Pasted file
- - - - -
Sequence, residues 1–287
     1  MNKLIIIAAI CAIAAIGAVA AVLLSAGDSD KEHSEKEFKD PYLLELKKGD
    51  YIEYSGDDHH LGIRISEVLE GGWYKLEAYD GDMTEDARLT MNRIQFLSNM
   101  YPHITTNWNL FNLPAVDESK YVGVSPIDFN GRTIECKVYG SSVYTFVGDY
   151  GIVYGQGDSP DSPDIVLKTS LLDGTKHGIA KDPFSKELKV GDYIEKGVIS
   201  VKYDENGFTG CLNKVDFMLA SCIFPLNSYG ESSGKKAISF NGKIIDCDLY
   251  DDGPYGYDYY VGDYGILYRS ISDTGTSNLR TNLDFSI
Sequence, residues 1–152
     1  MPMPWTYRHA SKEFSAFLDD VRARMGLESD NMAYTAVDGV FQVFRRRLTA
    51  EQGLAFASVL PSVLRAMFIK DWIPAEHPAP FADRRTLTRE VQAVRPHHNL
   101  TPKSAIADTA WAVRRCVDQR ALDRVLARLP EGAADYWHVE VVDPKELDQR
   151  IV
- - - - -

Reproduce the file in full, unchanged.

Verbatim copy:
Sequence, residues 1–287
     1  MNKLIIIAAI CAIAAIGAVA AVLLSAGDSD KEHSEKEFKD PYLLELKKGD
    51  YIEYSGDDHH LGIRISEVLE GGWYKLEAYD GDMTEDARLT MNRIQFLSNM
   101  YPHITTNWNL FNLPAVDESK YVGVSPIDFN GRTIECKVYG SSVYTFVGDY
   151  GIVYGQGDSP DSPDIVLKTS LLDGTKHGIA KDPFSKELKV GDYIEKGVIS
   201  VKYDENGFTG CLNKVDFMLA SCIFPLNSYG ESSGKKAISF NGKIIDCDLY
   251  DDGPYGYDYY VGDYGILYRS ISDTGTSNLR TNLDFSI
Sequence, residues 1–152
     1  MPMPWTYRHA SKEFSAFLDD VRARMGLESD NMAYTAVDGV FQVFRRRLTA
    51  EQGLAFASVL PSVLRAMFIK DWIPAEHPAP FADRRTLTRE VQAVRPHHNL
   101  TPKSAIADTA WAVRRCVDQR ALDRVLARLP EGAADYWHVE VVDPKELDQR
   151  IV